Regional Reviews: Minneapolis/St. Paul
And guess what? The audience (at least the night I attended) was not inclined to reference current events. Whether they'd dodged into the Dudley Riggs Theatre (named for the late founder and long-time mastermind of Brave New Workshop) to grab liquid coolant at the bar and escape the heat, with no inclination to weigh things down with the heavy topics clogging the news, or they were afflicted by "Minnesota Nice," not wanting to be caught launching an opinion into orbit that might run counter to the drift of the room. Also, the invitations for input issued by Caleb McEwen, the show's director, on-stage host, and participant in several of the routines, are fairly defanged–a letter of the alphabet (twice), something you've always wanted to do, the weirdest thing anyone ever said to you, and such. The result is an evening of humor that is frisky and often unhinged, but not particularly satiric in nature.
Of course, in the hands of primo comedic actors such as those on stage, this doesn't mean It's Not the Heat..." doesn't deliver the laughs. Word is that over its run, this edition of Brave New Workshop will have rotating cast members. In the cast of the performance I attended, in addition to McEwen, were veteran member Lauren Anderson, Denzel Belin, Richie McLarn, Heather Meyer, and Doug Neithercott. All are quick on their feet, thinking of funny comebacks and unexpected twists in the direction a sketch is taking. There are abundant laughs to be had, albeit some tread water to barely keep from a descent into the depths of taste. Of course, in a Brave New Workshop crowd, you can feel confident that your laughter, no matter how low-brow a trigger prompts it, is welcome. Besides, the troupe members are expert at using a "bad taste" laugh emitted from somewhere in the audience as fodder for a whole series of more laughs, and laughter, after all, is the trade of the Dudley Riggs' realm.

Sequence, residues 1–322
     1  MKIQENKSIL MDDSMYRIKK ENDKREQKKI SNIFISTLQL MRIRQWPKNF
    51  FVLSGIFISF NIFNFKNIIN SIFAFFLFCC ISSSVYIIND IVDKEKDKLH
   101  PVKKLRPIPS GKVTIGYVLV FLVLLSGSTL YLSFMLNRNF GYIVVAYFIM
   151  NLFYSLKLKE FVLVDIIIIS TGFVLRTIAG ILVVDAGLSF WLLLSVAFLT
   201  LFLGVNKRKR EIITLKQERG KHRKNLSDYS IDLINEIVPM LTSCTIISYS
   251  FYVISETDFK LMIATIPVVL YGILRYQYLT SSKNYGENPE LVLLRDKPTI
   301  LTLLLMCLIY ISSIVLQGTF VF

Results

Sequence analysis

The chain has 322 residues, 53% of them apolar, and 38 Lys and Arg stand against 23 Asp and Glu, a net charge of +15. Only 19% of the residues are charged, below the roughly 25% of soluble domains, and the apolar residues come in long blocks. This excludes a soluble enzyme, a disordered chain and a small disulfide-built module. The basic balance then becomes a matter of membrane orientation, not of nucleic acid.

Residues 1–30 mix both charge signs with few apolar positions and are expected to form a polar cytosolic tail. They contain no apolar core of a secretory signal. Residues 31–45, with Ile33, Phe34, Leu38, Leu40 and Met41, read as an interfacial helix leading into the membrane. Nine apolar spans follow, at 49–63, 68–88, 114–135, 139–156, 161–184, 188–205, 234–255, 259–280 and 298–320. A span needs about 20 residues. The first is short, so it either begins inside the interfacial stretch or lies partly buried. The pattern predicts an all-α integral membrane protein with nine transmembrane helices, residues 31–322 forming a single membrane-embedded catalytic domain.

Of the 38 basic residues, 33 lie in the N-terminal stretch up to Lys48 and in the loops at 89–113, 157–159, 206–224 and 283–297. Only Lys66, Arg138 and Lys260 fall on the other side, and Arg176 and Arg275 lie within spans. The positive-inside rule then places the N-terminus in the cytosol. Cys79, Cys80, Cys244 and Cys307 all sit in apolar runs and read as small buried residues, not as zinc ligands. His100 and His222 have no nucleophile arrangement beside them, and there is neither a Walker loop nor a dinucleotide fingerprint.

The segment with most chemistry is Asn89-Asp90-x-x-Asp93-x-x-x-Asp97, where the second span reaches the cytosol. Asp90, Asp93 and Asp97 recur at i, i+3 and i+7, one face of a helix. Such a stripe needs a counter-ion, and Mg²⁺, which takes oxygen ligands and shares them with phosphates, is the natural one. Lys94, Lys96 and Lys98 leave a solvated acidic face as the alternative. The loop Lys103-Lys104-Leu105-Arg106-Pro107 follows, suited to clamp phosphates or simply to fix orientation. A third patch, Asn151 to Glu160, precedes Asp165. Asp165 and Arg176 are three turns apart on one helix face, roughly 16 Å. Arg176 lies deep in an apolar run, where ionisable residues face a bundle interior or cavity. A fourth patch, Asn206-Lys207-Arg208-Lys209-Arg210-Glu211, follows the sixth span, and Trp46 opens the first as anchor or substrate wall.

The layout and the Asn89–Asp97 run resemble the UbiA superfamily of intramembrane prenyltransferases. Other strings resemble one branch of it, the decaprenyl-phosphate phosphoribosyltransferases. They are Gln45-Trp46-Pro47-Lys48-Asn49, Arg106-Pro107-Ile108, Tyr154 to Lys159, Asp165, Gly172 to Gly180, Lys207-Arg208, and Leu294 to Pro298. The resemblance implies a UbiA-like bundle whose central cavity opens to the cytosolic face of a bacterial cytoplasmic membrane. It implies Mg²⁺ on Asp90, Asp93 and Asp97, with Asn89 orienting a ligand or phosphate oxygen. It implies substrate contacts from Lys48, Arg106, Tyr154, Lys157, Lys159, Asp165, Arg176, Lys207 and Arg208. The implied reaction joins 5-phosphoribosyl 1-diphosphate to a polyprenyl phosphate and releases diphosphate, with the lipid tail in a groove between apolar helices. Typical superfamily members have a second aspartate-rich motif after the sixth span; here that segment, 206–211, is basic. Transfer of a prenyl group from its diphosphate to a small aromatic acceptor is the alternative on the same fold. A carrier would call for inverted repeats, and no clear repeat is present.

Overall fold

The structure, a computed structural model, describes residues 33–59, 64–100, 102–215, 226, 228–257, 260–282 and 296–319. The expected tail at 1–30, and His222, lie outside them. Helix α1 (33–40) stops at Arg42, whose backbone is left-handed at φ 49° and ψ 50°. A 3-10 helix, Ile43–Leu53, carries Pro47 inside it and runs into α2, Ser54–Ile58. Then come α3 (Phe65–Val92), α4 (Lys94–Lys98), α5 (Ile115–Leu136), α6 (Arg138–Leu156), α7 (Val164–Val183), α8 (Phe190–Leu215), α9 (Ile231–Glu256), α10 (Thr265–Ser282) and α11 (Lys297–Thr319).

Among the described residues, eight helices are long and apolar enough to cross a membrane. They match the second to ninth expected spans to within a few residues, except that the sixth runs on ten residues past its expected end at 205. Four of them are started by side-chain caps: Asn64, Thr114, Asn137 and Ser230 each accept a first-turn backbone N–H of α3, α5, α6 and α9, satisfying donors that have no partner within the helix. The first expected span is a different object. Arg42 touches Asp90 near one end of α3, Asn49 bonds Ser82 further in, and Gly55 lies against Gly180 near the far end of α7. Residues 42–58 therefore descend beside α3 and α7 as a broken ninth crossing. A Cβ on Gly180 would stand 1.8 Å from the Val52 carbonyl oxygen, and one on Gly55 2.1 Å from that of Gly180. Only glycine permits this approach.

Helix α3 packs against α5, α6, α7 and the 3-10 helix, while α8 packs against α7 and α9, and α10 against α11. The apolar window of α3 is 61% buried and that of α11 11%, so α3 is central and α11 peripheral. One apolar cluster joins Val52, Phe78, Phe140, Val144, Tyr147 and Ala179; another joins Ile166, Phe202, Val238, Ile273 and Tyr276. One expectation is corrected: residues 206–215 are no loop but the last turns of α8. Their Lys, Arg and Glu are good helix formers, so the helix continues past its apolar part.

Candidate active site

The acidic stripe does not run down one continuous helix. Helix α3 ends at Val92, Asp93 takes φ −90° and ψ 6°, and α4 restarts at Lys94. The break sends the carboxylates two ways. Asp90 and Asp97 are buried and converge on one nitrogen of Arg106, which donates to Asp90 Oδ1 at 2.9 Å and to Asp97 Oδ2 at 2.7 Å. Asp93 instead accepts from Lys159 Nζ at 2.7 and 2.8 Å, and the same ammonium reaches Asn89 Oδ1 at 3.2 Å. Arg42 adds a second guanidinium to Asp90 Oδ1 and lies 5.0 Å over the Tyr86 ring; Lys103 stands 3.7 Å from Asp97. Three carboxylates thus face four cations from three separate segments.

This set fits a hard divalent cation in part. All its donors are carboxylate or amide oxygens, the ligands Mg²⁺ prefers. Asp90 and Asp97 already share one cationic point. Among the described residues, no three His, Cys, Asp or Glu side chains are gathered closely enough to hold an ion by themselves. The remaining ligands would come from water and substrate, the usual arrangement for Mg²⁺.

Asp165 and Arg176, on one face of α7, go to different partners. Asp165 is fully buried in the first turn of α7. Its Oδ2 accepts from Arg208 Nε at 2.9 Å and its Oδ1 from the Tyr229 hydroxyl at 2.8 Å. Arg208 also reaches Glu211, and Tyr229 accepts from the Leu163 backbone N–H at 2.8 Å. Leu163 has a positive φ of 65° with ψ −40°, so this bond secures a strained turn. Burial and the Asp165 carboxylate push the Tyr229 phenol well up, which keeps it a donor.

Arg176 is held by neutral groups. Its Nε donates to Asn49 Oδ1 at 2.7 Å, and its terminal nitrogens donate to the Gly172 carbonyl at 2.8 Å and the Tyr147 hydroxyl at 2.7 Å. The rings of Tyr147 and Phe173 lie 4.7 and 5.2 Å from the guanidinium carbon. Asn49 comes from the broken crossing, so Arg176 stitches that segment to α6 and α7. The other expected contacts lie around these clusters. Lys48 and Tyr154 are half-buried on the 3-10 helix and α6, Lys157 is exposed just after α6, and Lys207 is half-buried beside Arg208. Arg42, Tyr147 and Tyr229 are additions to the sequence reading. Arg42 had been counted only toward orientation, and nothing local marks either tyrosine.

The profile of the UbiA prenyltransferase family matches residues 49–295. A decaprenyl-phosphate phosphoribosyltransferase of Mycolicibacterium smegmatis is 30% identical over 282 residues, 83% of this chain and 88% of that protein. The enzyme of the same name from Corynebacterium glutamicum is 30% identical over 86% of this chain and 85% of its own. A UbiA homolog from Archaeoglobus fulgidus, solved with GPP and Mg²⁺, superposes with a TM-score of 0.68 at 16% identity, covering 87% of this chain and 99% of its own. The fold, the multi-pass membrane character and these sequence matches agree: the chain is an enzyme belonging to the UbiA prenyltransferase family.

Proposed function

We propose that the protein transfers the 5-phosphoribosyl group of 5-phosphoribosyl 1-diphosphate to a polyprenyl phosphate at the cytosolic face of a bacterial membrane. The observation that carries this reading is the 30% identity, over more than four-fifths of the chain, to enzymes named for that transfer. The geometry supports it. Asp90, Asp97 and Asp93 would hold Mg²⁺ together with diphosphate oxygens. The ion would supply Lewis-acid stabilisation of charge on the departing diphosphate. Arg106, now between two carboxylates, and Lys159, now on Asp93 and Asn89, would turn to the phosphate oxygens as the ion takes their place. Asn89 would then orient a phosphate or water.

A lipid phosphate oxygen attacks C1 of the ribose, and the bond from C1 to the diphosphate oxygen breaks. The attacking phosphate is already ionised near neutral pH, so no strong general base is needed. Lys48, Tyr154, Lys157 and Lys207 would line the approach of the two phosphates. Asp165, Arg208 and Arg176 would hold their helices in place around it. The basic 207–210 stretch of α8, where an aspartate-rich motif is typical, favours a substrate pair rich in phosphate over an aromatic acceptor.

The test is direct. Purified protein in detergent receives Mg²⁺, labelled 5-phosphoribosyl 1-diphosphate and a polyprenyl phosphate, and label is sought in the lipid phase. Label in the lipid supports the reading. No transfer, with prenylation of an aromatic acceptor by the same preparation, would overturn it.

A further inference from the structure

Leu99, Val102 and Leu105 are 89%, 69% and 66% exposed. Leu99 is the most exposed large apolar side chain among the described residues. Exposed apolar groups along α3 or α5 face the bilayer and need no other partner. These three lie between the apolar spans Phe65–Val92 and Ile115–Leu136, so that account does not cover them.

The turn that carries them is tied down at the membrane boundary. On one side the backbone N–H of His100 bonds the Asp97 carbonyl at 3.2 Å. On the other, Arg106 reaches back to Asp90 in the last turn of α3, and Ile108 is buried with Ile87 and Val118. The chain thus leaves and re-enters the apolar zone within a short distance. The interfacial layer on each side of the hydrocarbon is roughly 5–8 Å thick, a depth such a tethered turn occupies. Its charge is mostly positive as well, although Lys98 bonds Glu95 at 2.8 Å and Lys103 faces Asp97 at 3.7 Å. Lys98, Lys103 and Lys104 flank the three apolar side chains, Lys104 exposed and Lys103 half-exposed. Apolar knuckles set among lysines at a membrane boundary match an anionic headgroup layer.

Doug Neithercott earned my vote as MVP of the evening, always ready with a quick quip and able to meld seamlessly into whatever direction the context shifts. Close behind, McEwen proved as adept on stage as he has been backstage, and Denzel Belin scored many of the best lines and displayed a deft mind for molding the turns of the improvised bits. Rickie McLarn and Heather Meyer both scored their fair share of points. Only Lauren Anderson, who has been so good for so long on the Dudley Riggs stage, seemed stuck, no matter the theme of the sketch, in a persona calling attention to how outrageously wacky they are, losing the bet that says to be wacky is automatically to be funny.
Jon Pumper was master of the keyboard, almost continuously pulling a tune out of his hat to provide a droll accompaniment for each sketch. It was hard to tell whether McEwen, as director, signaled technical director Matthew Vichlach, or Vichlach made the call himself, when it was time to cut the lights on a sketch and go on to the next, but the troop showed a good sense overall of knowing how far to stretch out a particular bit, and when it was time to call a halt and move on.
Being a completely improvised evening and noting there will be cast rotations over the course of the run, the audience was enjoined to return and experience a completely different show. With that in mind, please take my comments as the reflection of just one night's confection of wit and merriment. Perhaps on some evenings the audience will include a number of activists whose suggested topics will steer the performance into more politically hot waters, more similar to past Brave New Workshop editions I have seen–or maybe not. Perhaps a break from the heat of political rhetoric, even in the form of well-honed comedic barbs, is not such a bad idea.
In any case, I feel confident that if your threshold for broad comedy is high and you enjoy watching talented practitioners of the art whip a wisp of an idea with a cue from the audience into a souffle of hilarity, you will have a good time at It's Not the Heat, It's the Humidity.
It's Not the Heat, It's the Humidity runs through August 5, 2023, at the Brave New Workshop, 824 Hennepin Avenue, Minneapolis MN. Tickets: $27. Group Rates are available. For tickets and information, please call 612-332-6620 or visit bravenewworkshop.org.
Improvised and Performed by: Lauren Anderson, Denzel Belin, Caleb McEwen, Richie McLarn, Heather Meyer and Doug Neithercott; Director: Caleb McEwen; Musical Director and Pianist: Jon Pumper; Technical Director: Matthew Vichlach.